A fool thinks himself to be wise, but a wise man knows himself to be a fool. – William Shakespeare
It ain’t what you don’t know that gets you into trouble. It’s what you know for sure that just ain’t so. – Mark Twain
As a team whose principals have spent thousands of hours accumulating academic credentials and experience in a fairly narrow field of expertise – public markets – we are endlessly fascinated with peoples’ optimism about their ability to succeed independently in this hyper-competitive domain. After all, most people wouldn’t feel confident performing an appendectomy on one of their loved ones after watching a season of Grey’s Anatomy. In fact, most people wouldn’t consider representing themselves in court, or creating their own family trust, or executing an estate freeze. Heck, most professionals don’t even file their own taxes.
Yet people from all walks of life think they can simply open up an eTrade account and compete successfully in markets against the top investment firms in the world. Somehow, subscribing to a few newsletters; soliciting tips from friends or taxi drivers; learning to draw trend-lines or interpret a MACD cross; or a few inconsistent hours a week or month reading the Wall Street Journal, the Economist, or watching CNBC, equips them to out-trade GETCO, Renaissance, and Goldman’s proprietary trading desk, with the best information, fastest computers, and most aggressive algorithms. What gives?
Then I discovered the Dunning-Kruger effect (DK). At root, the DK effect explains the observation – ubiquitous across domains of expertise – whereby people who are less competent lack the requisite knowledge about the depth and breadth of the domain in question to recognize their own relative incompetence. Laypersons in any field simply don’t know enough about the complexities of that field to comprehend the magnitude of their knowledge gap.
Dunning and Kruger – both psychologists at Cornell – have identified this effect in a wide variety of fields through direct observation and experimentation, and Wikipedia reminds us of myriad similar observations by wise persons through history. For example, Confucius stated, “Real knowledge is to know the extent of one’s ignorance.” In 1951 Bertrand Russell asserted, “One of the painful things about our time is that those who feel certainty are stupid, and those with any imagination and understanding are filled with doubt and indecision.” Charles Darwin also weighed in on the topic with “ignorance more frequently begets confidence than does knowledge,” and even Shakespeare expressed similar sentiment in As You Like It: “The Foole doth thinke he is wise, but the wiseman knowes himselfe to be a Foole.”
I would refer you to Figure 1., which attempts to illustrate the theoretical basis for the Dunning Kruger effect. We aren’t the first to propose this illustration, but I couldn’t easily find the progenitor. At any rate, the figure captures the relative knowledge gap between a novice and an expert in a complex field in the relative size of the novice’s yellow circle and the expert’s green circle within a much larger circle meant to represent the entire set of existing knowledge within that domain. The novice’s smaller yellow circle clearly demonstrates he possesses a fraction of the expert’s knowledge about this broad field.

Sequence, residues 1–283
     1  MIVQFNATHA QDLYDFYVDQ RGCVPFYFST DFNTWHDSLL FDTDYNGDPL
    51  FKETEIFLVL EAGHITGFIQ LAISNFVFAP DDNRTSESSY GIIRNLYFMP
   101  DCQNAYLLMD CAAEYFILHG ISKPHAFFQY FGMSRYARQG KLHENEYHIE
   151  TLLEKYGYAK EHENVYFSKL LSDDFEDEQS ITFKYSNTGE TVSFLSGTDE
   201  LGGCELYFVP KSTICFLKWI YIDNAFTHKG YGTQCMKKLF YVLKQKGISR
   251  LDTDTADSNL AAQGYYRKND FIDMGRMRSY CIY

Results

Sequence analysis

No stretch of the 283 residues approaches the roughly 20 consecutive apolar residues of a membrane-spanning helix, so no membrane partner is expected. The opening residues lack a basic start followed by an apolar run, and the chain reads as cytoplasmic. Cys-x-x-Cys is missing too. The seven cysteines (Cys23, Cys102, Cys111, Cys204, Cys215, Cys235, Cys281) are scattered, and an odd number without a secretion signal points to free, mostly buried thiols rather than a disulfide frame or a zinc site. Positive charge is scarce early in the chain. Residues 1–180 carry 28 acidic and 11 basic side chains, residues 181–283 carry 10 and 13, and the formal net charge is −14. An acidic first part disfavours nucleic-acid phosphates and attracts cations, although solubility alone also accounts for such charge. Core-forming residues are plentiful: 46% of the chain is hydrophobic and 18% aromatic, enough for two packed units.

Figure 1. Who is more aware of what he doesn’t know? The expert or the novice?
In their papers, Dunning and Kruger suggest that novices in a field are not equipped with the requisite knowledge to evaluate their own relative or absolute level of expertise. How well equipped is a fish to evaluate a cormorant’s knowledge of the sky? How fit is a childless friend to offer guidance on parenthood?
Extending this logic, Figure 1. prompts the question, “Who is more aware of what he doesn’t know? The expert or the novice?” This is really the question that drives to the heart of the Dunning Kruger effect, because a person’s ability to evaluate his level of expertise in a field is a function of his awareness about the ratio of his personal knowledge in the domain to the amount of total available knowledge.
If we examine Figure 1. we note that, while the absolute knowledge differential between an expert and a novice is captured in the relative sizes of the yellow and green circles, awareness of this differential is actually a function of the size of the interface between the circles. That is, a person can only be aware of his ignorance to the extent that his knowledge interfaces with the set of available knowledge. These are the terms and concepts that the novice has casually encountered while dealing in this domain, but about which he has no meaningful understanding. In the diagram, the perimeter of the yellow circle describes the novice’s casual exposure to elements of knowledge possessed by the expert. The perimeter of the expert’s circle is obviously larger than the perimeter of the novice’s circle, so the expert’s knowledge interfaces to a larger extent with ‘the unknown’ portion of entire field of knowledge.
What does this mean? First, an expert is relatively well equipped to evaluate his own expertise relative to a novice, but a novice is not well equipped to evaluate his level of ignorance relative to the expert. Second, a genuine expert is more aware of what he doesn’t know relative to the entire field of knowledge than the novice. While false experts are given to frequent opinions asserted with steadfast conviction, real experts are nuanced and circumspect.
Most people are uncomfortable with nuance; it’s difficult to convey in 140 characters, and is often less dramatic. For this reason, the media tends to shy away from genuine experts and gravitate toward false experts who give dramatic opinions with tremendous conviction. Great entertainment, but bad for your pocketbook.